The Secretary of the US Air Force, Frank Kendall, has confirmed that five Northrop Grumman B-21 Raider stealth bomber test aircrafts are now taking shape at Air Force Plant 42 in Palmdale, California.
Kendall made this announcement during the Air Force Association Air, Space, and Cyber Conference in National Harbor, Maryland, on September 21. These aircraft are part of the Engineering and Manufacturing Development (EMD) batch, funded under the Long-Range Strike-Bomber (LRS-B) contract.
“As I speak, there are now five test aircraft being manufactured on the B-21 production line at Air Force Plant 42 in Palmdale, California. This investment in meaningful military capabilities that project power and hold targets at risk anywhere in the world addresses my No. 1 priority,” said Kendall, referring to Air and Space Forces’ ability to continuously deter and defeat threats.
In January, it was confirmed that two B-21 test aircraft were making their way down the production line at Northrop Grumman’s facility in Palmdale. According to Doug Young, vice president and general manager of Northrop Grumman’s Strike Division, this significant progress can be credited to a strong customer partnership, early application of digital tools, and a talented, dedicated workforce.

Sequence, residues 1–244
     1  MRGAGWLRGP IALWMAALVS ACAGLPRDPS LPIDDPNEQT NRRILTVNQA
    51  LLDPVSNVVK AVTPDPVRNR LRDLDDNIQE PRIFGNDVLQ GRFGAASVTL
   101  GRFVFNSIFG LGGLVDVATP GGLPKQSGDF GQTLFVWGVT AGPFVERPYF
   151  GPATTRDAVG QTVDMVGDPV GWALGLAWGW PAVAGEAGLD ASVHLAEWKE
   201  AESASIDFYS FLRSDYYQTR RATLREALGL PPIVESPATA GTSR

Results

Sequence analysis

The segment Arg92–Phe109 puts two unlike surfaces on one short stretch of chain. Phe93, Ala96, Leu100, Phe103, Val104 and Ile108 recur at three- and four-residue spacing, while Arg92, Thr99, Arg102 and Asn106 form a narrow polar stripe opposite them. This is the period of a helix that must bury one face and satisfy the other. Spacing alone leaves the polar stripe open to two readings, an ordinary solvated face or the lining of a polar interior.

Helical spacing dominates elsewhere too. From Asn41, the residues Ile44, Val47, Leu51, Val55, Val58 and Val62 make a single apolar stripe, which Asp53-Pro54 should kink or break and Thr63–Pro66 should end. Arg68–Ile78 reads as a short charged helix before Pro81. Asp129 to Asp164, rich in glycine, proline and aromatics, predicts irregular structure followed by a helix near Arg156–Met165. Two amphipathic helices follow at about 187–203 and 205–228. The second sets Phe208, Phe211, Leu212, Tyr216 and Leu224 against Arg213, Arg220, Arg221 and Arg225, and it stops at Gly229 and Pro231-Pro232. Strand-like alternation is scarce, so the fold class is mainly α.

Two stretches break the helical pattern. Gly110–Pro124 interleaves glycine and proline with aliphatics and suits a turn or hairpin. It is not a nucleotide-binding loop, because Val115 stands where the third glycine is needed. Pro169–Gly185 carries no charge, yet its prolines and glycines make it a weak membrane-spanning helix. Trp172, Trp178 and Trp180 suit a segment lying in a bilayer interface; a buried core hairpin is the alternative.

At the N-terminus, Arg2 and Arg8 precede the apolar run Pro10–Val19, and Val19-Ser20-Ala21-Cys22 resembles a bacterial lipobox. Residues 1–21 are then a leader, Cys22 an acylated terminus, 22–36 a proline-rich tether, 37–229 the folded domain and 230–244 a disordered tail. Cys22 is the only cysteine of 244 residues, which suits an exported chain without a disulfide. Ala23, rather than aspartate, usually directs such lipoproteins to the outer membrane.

The USAF expects the B-21 to enter service at Ellsworth Air Force Base in South Dakota sometime in the mid-2020s, followed by Whiteman Air Force Base in Missouri and Dyess Air Force Base in Texas.
The B-21 heavy stealth bombers will join the USAF’s B-1B Lancer, B-2 Spirit, and B-52 Stratofortress fleets around 2027 and eventually replace them as a Long-Range Strike-Bomber (LRS-B). B-12’s advanced design will also allow it to handle intelligence, surveillance and reconnaissance, electronic attack, command center, and other missions.
However, there is no information about the completion of construction of the first B-21, whose final design is still unknown. Kendall has confirmed that five prototypes of a fleet that will one day number between 100 and 200 US$550-million B-21 bombers are being assembled, which would begin operating in the mid-2020s.
“With the capability to hold targets at risk anywhere in the world, this weapon system is critical to our national security,” said Young. “Northrop Grumman is committed to delivering the B-21 Raider to the warfighter on time to ensure America can project its power globally for decades to come.”